Sydney property bounces back

Wednesday 26 Aug 2020

The Reserve Bank had some good news for the Sydney market on Friday, declaring a "strong bounce-back" in auction rates and listings returning to normal levels.

While housing prices in most capital cities have declined a little since May, the rising equity market meant household wealth remained largely unchanged, despite the deep recession caused by the coronavirus pandemic.

 

"The modest decline in established housing prices at the national level, and the partial recovery in financial asset prices such as equities since March, mean that household wealth was broadly unchanged in the June quarter and increased a little over the past year," the RBA's statement of monetary policy issued on Friday said.

Still, the bad news continued for Melbourne where auction clearance rates plunged 45 per cent in July and are set to fall further.

"The introduction of further restrictions in Melbourne in early August will further reduce activity in the housing market over coming weeks," the RBA said.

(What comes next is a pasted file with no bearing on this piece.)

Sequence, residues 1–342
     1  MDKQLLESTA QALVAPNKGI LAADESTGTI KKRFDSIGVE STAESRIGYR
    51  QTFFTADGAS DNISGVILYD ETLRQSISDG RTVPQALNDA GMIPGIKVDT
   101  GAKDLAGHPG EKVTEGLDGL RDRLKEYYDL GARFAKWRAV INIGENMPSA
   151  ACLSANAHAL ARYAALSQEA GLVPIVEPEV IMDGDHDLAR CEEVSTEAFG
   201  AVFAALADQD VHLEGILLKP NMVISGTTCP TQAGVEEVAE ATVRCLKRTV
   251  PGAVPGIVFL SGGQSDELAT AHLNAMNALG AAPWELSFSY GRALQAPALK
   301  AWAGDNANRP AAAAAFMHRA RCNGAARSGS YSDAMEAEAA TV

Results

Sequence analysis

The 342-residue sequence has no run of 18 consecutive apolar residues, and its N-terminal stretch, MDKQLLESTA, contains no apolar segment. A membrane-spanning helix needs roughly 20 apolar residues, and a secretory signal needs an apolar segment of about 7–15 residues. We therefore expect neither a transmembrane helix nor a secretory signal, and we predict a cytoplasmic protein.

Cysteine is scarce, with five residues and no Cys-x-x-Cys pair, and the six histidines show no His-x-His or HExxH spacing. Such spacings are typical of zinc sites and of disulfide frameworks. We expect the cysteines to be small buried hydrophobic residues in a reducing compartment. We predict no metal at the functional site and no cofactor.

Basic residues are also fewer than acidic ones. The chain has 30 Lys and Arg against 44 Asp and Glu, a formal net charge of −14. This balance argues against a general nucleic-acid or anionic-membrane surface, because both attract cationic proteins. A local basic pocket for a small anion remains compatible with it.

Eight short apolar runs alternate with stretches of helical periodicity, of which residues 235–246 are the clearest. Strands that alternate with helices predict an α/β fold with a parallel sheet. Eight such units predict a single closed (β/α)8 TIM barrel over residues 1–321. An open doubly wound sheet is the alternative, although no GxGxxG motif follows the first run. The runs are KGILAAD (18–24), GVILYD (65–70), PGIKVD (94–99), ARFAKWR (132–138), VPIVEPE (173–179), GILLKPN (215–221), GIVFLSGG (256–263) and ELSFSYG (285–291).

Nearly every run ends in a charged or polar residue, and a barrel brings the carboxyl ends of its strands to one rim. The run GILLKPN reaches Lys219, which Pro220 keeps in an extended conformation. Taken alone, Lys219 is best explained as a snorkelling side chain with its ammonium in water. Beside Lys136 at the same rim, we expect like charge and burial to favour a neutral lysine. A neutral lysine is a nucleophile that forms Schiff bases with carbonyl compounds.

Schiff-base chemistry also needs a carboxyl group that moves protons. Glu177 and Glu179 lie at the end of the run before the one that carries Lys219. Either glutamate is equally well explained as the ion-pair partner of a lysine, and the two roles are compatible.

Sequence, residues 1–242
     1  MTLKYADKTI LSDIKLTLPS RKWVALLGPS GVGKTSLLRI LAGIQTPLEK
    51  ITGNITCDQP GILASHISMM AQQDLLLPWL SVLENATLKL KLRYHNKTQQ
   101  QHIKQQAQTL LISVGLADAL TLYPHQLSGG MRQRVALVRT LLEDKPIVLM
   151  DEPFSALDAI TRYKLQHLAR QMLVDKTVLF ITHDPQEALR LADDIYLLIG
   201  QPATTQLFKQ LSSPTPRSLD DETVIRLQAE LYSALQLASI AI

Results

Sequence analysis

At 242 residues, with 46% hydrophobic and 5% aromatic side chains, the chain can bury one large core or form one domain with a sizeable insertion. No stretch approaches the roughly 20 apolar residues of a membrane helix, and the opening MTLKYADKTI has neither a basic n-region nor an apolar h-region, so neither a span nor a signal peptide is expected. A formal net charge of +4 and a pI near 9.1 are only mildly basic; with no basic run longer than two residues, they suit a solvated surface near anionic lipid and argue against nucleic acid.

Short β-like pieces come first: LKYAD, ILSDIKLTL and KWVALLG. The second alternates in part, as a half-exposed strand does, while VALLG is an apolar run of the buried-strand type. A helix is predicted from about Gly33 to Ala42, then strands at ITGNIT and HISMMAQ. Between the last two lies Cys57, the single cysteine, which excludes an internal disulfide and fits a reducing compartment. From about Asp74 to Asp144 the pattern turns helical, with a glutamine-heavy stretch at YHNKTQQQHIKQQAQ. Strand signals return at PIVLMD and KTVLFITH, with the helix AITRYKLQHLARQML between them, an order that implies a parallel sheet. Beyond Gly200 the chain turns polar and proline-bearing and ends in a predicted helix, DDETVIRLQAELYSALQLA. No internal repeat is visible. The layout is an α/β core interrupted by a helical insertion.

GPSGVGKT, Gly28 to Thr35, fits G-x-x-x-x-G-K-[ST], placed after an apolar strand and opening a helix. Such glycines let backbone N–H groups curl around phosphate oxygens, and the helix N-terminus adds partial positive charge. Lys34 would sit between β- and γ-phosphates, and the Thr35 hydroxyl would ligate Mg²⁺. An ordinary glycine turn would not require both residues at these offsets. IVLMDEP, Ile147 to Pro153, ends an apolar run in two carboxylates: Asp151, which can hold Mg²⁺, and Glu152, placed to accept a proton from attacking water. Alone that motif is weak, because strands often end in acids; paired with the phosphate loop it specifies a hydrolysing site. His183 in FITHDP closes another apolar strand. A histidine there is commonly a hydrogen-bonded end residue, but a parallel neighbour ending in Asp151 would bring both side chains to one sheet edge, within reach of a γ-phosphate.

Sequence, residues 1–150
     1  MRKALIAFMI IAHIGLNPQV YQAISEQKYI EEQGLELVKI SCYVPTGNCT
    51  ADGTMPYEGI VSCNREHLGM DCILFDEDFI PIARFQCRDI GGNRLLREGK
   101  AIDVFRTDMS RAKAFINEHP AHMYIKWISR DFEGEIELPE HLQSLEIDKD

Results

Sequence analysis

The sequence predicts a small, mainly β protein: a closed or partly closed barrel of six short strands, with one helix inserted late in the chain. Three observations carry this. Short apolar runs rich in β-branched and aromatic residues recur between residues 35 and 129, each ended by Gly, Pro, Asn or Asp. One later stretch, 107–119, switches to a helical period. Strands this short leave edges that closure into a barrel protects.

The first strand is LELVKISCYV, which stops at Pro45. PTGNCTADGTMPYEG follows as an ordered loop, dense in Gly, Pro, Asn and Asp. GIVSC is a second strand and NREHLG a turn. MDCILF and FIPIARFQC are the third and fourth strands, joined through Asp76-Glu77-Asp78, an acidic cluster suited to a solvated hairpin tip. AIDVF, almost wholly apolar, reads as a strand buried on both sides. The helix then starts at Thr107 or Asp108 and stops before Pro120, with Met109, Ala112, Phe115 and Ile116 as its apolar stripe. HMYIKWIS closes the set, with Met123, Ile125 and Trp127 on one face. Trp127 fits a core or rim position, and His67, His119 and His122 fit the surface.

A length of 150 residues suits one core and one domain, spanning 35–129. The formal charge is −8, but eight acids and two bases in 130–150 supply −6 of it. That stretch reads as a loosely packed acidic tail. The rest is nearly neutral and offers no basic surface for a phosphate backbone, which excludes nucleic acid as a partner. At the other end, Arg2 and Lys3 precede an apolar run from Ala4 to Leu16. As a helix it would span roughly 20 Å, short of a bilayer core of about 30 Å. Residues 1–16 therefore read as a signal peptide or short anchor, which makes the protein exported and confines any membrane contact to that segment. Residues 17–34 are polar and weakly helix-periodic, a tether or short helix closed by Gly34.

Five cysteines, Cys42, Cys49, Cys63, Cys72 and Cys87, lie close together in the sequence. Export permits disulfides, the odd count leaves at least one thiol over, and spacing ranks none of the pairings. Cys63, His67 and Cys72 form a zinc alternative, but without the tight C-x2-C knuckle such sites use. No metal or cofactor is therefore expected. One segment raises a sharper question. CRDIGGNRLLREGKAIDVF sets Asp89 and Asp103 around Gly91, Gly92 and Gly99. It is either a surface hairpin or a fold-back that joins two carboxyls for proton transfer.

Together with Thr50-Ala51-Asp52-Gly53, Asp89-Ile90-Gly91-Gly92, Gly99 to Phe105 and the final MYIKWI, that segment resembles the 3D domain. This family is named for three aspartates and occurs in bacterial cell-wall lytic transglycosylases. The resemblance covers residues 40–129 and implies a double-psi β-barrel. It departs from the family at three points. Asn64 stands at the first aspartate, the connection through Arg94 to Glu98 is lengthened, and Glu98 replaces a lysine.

"By contrast, following a strong bounce-back, auction clearance rates in Sydney have remained relatively stable in the recent period, at a bit above 60 per cent."

The RBA update also warned that pressure on landlords was growing and that could weigh on investor demand and property prices.

CoreLogic July numbers show dwelling prices in Sydney have fallen by 2.1 per cent over the past three months, while Melbourne lost 3.2 per cent. Nationally, prices were down by 1.6 per cent.

"Lower rental income could present cash flow challenges for some property investors if these conditions persist, and is also likely to weigh on investor demand for new properties," the RBA said.

It remains a good time to be in the rental market. Around the country, 5 per cent of tenants have obtained rental discounts in recent months and rent deferrals are running much higher than usual.

Vacancy rates

Rental vacancy rates are up in Melbourne and Sydney, driven by investors who once rented their apartments on short-stay sites such as Airbnb to tourists returning to the longer-term rental market.

"The increase in the vacancy rate in Sydney has been driven by a larger number of vacant properties – primarily apartments – in the inner and middle ring suburbs," the RBA said.

"One important factor affecting rental market conditions has been the decline in international visitors and domestic business travel because of travel restrictions.

"This has encouraged some landlords to offer their short-term rental accommodation on the long-term market, increasing the available rental stock."

New residential bond lodgements rose sharply in May in Sydney, consistent with tenants signing new leases to realise lower rents.